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Hygrometers are weather forecasting devices that measure humidity levels in the air. Changes in humidity, in turn, indicate the likelihood of pending dry weather or precipitation. Hair hygrometers like the one shown below, used horse hairs to measure and (sometimes) record air humidity.
This clever design works because hair relaxes and lengthens when humidity in the air increases, and contracts when the humidity decreases. Because of this predictable response to humidity changes, hair can be used to alternately pull and release a lever in response to humid and dry conditions. This device essentially records changes in the length of horse hairs as a proxy for changes in humidity.
The movements are then tracked by a nib which traces an ink along paper on a rotating drum. The drum is rotated once a week by an eight-day Clockwork. The hygrometer shown here is over 50 years old and continues to track ongoing changes in humidity on a week -long chart.
This hygrometer was made sometime after 1890. We know this because the company name shown in the image was only used after 1885 when Henry J Green took the company over from his Uncle, instrument maker James Green. HJ Green then moved from New York to Brooklyn in 1890. Although the measurements are not as precise as could be achieved with other contemporary weather prediction devices, and the accuracy is particularly limited in conditions of extremely high or low humidity, hygrometers reduced the need for mercury based technologies, and provided sufficient information for their typical uses at the time.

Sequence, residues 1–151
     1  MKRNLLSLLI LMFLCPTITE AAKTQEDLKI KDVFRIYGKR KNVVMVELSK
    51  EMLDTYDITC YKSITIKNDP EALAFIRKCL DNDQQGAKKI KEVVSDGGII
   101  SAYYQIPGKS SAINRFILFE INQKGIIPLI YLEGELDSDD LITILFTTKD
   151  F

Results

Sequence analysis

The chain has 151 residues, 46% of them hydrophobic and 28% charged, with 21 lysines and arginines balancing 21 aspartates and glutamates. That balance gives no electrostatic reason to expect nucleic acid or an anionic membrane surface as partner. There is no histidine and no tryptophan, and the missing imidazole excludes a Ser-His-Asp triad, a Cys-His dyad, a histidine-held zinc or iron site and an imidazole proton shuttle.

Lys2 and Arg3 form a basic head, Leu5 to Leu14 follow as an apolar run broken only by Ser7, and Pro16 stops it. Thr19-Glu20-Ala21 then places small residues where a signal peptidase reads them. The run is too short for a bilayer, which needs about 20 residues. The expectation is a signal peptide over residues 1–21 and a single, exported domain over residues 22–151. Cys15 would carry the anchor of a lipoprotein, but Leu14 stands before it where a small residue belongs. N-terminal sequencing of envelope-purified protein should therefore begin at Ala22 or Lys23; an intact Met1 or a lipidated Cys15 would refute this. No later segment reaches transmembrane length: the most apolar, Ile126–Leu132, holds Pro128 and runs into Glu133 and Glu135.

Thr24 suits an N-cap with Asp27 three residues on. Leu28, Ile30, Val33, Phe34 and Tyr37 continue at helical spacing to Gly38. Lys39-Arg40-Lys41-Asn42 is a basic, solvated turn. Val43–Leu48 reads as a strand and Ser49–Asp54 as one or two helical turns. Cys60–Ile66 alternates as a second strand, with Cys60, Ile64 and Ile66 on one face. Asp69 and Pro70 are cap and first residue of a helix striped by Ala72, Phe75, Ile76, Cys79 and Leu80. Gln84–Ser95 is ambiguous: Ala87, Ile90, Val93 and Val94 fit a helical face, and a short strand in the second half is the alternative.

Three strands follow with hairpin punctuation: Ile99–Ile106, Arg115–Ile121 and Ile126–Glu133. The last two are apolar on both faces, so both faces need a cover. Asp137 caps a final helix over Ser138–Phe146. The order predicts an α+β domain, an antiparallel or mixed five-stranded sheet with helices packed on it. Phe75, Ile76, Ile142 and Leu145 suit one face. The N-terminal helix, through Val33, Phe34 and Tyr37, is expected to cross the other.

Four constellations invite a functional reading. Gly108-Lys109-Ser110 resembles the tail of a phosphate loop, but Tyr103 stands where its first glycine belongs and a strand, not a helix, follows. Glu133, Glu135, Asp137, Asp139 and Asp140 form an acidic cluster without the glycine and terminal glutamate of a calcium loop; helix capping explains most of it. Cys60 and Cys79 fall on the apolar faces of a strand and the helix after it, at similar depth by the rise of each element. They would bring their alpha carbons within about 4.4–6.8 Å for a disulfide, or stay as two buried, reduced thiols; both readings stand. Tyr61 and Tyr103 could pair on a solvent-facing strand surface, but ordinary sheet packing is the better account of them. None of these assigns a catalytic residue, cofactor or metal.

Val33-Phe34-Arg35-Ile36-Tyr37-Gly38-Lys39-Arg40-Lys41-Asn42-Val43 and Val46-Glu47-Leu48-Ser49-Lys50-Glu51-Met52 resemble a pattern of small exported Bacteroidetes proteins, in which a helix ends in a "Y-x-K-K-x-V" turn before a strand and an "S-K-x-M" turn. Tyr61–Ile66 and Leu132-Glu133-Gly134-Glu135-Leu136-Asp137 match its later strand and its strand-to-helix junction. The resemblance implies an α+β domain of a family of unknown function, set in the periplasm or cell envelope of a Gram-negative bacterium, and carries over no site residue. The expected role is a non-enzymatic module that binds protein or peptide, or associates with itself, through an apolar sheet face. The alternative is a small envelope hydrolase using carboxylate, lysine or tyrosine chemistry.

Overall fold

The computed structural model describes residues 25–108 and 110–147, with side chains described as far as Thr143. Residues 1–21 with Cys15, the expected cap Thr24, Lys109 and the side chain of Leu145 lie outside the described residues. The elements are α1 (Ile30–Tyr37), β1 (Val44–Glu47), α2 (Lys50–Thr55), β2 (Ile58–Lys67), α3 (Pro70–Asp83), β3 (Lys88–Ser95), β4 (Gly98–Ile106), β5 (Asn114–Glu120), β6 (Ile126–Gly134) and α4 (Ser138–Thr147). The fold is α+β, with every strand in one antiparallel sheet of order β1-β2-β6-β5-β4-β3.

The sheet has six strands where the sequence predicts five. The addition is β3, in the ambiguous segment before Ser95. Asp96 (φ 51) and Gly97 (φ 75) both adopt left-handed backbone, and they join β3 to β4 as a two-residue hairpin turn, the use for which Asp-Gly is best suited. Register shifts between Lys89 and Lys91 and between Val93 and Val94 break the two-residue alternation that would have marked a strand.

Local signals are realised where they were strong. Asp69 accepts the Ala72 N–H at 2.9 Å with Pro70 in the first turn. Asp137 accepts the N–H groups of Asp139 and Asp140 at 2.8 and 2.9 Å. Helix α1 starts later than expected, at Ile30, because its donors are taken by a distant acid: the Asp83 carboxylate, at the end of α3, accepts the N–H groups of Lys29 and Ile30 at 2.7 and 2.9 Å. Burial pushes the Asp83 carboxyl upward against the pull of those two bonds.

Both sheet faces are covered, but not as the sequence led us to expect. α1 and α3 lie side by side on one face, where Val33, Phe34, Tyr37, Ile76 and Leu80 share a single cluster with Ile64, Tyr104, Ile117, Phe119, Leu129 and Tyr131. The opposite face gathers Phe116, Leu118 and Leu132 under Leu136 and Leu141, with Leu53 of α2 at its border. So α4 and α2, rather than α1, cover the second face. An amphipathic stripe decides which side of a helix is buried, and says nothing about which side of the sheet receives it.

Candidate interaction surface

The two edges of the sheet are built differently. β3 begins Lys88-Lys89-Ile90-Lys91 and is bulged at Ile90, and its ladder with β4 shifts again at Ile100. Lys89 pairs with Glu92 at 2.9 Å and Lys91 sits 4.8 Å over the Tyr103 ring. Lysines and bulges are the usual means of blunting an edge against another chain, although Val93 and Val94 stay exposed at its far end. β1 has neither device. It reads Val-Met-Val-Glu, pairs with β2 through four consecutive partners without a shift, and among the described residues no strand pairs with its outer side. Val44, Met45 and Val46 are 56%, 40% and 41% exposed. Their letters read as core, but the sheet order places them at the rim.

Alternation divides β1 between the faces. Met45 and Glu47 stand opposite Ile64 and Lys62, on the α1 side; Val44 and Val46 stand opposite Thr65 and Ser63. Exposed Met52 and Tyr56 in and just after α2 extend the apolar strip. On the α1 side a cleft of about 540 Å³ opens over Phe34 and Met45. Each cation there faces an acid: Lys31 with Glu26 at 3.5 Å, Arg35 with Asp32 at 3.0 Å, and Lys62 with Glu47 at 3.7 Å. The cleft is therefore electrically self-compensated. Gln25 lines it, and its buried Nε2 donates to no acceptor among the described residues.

Hair hygrometers can be embellished into the folk-art style ‘weather house’. These devices resemble cuckoo clocks, but the moving figures respond to air humidity. There is usually a man and a woman, each in a door frame in the cottage, as shown in the photo below. This example also features a thermometer placed between the two doors.
The figures stand on a balance bar, which is suspended by hair. Using the same relationship between hair and humidity as the hygrometer shown above, the figures are pulled back and forth such that one figure emerges from the house on arid days, while the other is turned out on humid days. The chimney at the top of the house can be turned to manually rotate the figures before you use the device.
If you set the female figure to be outside the house on a humid day, she will always be rotated out on humid days, and vice versa. Once set, you will have a beautiful and accurate hygrometer that is only slightly less convenient than looking out of your window.
Trowbridge, CC. (1896). The use of the hair hygrometer. Science. 4(81):62-65
*By Simone Philpot & Terry Philpot.